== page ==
The end of Cristiano Ronaldo’s (“Ronaldo”) second spell at Manchester United in November 2022 has raised some interesting points around employment law, implied terms in employment contracts and the risks faced by those in the public eye.
What has happened to Ronaldo
939 club appearances, 701 club goals and 1 controversial Piers Morgan interview. With over 500 million Instagram followers and lengthy careers at both Manchester United and Real Madrid, Ronaldo is arguably the most well-known footballer in the world. However, he now leaves the Qatar 2022 World Cup without a league team to return to.
On 16 and 17 November 2022 the “bombshell” interview by Piers Morgan aired. Whilst the relationship between Ronaldo and Manchester United was already fractured, this could be said to be the final nail in the coffin. Over the course of the 90-minute interview Ronaldo made multiple statements that could be considered to bring the reputation of the club into disrepute; for example, Ronaldo said:
- I don’t have respect for him [Erik Ten Hag] because he doesn’t show respect for me;
- The Glazers, they don’t care about the club;
- Manchester is a marketing club; and
- There was no evolution in the club… technology, infrastructure many things that I [Ronaldo] saw when I was 21 [are the same].
On 18 November 2022, Manchester published that it had initiated appropriate steps in response to Ronaldo’s interview and on 22 November 2022, Manchester United released a short but sweet statement thanking Ronaldo for his contribution to the club, but informing Manchester United and Ronaldo fans alike that his second spell with the club had come to an end by mutual agreement.
The consequences of his actions for his employment contract
Whilst this was of course a tense and stressful time for all of those concerned, Manchester United would have had to consider the practicalities and implications of Ronaldo’s actions in light of the express and implied terms in Ronaldo’s contract of employment.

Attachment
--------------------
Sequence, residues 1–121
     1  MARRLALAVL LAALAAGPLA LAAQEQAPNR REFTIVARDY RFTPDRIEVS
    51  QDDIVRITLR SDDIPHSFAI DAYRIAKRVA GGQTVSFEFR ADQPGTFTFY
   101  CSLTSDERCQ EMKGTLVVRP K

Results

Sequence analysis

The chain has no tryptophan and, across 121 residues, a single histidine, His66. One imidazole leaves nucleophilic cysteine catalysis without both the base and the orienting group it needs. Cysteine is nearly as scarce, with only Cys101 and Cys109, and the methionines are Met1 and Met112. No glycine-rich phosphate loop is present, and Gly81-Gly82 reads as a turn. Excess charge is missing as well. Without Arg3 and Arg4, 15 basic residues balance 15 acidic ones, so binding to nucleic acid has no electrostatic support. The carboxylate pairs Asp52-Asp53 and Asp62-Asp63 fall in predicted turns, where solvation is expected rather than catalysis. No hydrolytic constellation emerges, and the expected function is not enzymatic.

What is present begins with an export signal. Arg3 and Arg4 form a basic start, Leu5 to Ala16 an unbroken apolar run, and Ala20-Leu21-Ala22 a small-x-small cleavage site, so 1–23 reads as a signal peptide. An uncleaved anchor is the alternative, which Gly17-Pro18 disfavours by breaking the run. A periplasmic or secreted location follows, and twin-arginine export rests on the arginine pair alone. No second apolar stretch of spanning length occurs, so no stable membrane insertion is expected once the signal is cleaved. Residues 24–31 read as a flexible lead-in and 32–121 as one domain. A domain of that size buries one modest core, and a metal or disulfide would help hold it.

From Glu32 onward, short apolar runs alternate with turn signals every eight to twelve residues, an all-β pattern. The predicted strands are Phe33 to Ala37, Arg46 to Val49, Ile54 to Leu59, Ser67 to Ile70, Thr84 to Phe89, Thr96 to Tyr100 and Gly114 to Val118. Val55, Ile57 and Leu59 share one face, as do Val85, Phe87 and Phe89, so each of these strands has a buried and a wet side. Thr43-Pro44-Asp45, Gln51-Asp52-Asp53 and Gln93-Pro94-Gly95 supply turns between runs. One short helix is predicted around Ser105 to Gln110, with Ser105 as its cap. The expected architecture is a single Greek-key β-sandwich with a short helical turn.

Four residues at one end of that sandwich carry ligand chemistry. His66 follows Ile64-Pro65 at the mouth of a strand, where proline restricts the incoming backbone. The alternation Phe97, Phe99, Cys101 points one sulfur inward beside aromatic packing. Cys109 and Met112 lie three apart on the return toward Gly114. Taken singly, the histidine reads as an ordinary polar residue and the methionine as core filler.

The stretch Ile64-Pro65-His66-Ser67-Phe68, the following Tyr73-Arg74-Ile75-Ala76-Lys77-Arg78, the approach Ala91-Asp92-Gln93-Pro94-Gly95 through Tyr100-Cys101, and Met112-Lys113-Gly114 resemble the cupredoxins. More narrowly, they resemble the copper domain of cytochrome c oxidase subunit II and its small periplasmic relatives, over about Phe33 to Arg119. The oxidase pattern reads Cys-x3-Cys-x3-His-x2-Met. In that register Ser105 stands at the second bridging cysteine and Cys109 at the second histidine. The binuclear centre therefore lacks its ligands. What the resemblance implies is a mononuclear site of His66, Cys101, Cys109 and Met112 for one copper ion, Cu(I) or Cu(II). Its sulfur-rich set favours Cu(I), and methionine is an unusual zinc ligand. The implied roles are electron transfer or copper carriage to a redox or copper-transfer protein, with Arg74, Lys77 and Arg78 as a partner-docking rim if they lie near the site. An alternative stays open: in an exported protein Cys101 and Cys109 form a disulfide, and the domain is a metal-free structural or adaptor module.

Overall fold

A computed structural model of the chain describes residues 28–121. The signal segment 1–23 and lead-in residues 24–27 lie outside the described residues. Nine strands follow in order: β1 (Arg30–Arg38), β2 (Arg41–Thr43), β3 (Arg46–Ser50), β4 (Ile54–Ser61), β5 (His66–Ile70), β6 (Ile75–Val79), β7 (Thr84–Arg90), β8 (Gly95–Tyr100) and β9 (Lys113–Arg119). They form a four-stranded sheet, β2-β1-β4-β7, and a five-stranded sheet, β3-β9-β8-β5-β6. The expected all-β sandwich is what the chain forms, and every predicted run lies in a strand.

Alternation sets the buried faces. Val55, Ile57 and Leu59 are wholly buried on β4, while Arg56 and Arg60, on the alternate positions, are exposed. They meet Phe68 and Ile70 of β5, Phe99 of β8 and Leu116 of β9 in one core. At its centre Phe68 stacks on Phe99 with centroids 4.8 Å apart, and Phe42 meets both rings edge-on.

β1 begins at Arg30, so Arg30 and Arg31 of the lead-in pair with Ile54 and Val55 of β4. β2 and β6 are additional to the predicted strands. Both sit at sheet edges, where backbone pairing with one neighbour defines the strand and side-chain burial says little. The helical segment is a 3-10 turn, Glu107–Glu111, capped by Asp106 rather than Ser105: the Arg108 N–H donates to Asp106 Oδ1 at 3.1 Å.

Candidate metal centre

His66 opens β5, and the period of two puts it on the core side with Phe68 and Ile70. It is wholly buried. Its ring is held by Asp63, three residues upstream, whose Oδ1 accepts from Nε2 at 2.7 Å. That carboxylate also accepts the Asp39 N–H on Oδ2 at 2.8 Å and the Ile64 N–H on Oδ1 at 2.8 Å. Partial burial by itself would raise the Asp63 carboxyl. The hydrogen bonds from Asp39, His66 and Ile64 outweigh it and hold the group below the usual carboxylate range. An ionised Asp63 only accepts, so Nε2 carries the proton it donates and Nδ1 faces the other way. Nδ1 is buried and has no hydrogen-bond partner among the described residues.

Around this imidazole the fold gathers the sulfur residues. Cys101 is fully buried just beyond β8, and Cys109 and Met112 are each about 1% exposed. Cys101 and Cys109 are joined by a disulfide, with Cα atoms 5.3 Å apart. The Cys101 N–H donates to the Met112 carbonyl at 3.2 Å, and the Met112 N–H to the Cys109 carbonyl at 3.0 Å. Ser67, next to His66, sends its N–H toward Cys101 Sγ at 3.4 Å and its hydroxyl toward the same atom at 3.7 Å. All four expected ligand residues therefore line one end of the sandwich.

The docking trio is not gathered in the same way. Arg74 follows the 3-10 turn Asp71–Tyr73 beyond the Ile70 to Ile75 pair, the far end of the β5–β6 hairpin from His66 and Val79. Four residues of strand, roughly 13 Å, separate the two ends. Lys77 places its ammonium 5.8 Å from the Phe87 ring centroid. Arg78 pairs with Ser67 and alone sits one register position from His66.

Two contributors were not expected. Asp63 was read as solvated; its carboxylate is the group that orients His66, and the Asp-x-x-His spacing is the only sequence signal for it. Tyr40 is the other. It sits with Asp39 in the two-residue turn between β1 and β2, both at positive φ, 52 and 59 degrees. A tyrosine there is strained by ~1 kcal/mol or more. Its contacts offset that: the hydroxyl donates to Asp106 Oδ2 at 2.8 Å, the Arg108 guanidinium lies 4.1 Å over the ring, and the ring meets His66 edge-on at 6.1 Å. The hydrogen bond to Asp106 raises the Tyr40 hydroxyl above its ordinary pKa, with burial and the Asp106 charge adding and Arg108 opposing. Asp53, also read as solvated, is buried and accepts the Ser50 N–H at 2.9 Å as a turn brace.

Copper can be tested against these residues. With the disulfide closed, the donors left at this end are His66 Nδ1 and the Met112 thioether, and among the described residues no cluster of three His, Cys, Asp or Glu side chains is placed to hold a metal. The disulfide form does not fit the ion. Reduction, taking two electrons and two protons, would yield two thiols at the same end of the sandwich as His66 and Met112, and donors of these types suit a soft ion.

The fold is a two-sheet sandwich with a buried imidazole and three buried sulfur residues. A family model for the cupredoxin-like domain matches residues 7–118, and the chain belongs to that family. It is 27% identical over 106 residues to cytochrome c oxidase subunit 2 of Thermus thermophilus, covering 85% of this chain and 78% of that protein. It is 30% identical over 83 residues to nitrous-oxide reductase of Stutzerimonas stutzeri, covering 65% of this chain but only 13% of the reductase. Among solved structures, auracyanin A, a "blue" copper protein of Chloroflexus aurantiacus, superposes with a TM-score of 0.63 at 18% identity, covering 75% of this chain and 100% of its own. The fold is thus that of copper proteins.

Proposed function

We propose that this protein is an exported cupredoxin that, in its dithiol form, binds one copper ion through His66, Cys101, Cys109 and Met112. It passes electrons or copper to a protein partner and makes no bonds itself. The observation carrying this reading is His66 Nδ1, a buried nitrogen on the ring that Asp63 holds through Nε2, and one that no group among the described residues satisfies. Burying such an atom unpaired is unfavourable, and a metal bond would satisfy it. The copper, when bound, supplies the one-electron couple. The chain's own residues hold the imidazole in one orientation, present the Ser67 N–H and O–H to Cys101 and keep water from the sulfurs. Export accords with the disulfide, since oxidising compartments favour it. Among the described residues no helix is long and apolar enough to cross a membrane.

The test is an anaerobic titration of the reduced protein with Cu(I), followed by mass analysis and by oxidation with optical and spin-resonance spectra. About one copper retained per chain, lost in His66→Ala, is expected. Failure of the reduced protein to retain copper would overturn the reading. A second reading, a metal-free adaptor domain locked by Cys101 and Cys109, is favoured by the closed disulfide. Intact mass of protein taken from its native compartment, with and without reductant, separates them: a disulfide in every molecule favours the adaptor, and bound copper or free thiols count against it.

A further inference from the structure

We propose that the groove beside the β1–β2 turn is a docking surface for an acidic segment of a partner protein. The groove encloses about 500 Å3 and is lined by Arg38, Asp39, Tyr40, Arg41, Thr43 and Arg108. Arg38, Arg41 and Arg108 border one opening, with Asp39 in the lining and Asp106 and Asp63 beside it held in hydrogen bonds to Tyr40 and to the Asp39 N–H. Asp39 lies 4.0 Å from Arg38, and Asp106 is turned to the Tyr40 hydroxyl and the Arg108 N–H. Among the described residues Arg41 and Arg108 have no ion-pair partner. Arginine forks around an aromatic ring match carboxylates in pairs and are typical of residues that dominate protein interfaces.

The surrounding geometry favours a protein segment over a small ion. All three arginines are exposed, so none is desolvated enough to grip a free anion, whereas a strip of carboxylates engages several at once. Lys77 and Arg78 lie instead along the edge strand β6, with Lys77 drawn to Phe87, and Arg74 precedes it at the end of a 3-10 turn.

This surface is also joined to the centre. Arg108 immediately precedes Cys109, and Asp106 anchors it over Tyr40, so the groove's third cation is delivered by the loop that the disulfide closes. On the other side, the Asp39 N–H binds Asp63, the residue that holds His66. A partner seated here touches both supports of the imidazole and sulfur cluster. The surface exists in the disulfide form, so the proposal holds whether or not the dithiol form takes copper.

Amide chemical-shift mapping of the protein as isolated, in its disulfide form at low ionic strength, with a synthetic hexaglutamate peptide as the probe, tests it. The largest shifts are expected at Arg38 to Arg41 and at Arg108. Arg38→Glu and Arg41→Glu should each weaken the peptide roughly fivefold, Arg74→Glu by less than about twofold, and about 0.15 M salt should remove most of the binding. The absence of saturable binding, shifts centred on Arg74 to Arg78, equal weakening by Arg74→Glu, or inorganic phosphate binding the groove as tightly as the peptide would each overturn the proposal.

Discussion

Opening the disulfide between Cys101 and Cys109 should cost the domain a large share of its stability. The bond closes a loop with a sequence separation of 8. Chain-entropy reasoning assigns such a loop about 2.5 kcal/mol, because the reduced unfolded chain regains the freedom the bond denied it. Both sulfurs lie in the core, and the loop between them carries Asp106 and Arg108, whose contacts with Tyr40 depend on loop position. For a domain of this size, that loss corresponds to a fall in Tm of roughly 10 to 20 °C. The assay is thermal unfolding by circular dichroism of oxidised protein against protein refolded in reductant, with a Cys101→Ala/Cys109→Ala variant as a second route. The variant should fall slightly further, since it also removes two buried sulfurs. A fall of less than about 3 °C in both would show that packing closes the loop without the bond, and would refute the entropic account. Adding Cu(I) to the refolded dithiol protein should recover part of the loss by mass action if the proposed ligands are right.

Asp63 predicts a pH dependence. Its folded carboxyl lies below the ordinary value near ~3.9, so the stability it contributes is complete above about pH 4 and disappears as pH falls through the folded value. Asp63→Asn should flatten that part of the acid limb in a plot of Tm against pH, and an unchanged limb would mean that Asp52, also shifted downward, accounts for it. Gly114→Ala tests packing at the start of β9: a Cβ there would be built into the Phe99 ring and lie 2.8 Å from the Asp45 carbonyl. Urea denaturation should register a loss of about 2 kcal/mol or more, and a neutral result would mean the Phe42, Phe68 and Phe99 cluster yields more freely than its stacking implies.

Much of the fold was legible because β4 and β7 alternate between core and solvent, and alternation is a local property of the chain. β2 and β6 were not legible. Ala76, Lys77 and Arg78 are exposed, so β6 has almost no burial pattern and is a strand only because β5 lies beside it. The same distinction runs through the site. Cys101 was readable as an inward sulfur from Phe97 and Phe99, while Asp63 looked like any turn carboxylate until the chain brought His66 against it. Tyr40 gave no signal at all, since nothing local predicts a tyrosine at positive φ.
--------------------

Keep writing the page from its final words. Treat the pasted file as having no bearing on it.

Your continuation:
As well as express terms in a contract, which vary between organisations and individuals, there are also terms which are implied into all employment contracts which include:
- The duty to obey instructions – an employee must carry out lawful and reasonable instructions given by the employer;
- The duty to avoid disruption – an employee is restricted from acting with the motive of disrupting the employer’s business;
- The obligation to be ready and willing to work – this speaks for itself, the employee must engage with their obligations in exchange for their remuneration;
- The duty of fidelity – employees must serve their employer with good faith and fidelity, this extends to the employee’s activities outside of working hours; and
- The duty to act with mutual trust and confidence – this provides that an employee and an employer must not, without reasonable and proper cause, conduct itself in a manner calculated and likely to destroy or seriously damage the relationship of trust and confidence between employer and employee.
If serious enough, a breach of any of these terms, either alone or combined with other breaches, could potentially amount to gross misconduct and justify an employee’s dismissal.
Potential breaches of the implied terms in the employment contract and gross mic
Whilst we don’t know the precise details of what happened between Ronaldo and Manchester United, or the contents of his own personal contract, the interview in itself could be said to be a breach of the implied terms of “no disruption”, “fidelity” and “mutual trust and confidence” as it questions the reputation of Manchester United, is arguably a disruption to the business and is potentially damaging to the employee/employer relationship as Ronaldo engaged in what was likely to have been an unauthorised form of media interview.
Further, this season has seen a number of similar events that could question whether Ronaldo has already breached other terms of his contract with the club. For example, in Manchester United’s game against Tottenham Hotspur, Ronaldo refused to come on as a substitute towards the end of the game which could have breached the implied term to obey instructions.